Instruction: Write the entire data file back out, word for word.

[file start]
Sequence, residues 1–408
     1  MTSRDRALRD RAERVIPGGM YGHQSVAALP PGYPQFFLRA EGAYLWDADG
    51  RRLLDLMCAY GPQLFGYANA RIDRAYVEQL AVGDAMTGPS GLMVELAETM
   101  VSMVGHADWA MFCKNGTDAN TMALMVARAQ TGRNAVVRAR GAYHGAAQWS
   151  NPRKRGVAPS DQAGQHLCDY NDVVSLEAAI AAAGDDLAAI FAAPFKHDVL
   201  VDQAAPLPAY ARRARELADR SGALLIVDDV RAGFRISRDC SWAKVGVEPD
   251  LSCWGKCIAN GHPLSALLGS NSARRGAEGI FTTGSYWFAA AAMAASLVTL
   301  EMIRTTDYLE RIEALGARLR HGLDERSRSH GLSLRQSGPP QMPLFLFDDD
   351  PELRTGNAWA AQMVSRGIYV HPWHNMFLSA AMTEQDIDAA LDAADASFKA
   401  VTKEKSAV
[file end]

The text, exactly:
Sequence, residues 1–408
     1  MTSRDRALRD RAERVIPGGM YGHQSVAALP PGYPQFFLRA EGAYLWDADG
    51  RRLLDLMCAY GPQLFGYANA RIDRAYVEQL AVGDAMTGPS GLMVELAETM
   101  VSMVGHADWA MFCKNGTDAN TMALMVARAQ TGRNAVVRAR GAYHGAAQWS
   151  NPRKRGVAPS DQAGQHLCDY NDVVSLEAAI AAAGDDLAAI FAAPFKHDVL
   201  VDQAAPLPAY ARRARELADR SGALLIVDDV RAGFRISRDC SWAKVGVEPD
   251  LSCWGKCIAN GHPLSALLGS NSARRGAEGI FTTGSYWFAA AAMAASLVTL
   301  EMIRTTDYLE RIEALGARLR HGLDERSRSH GLSLRQSGPP QMPLFLFDDD
   351  PELRTGNAWA AQMVSRGIYV HPWHNMFLSA AMTEQDIDAA LDAADASFKA
   401  VTKEKSAV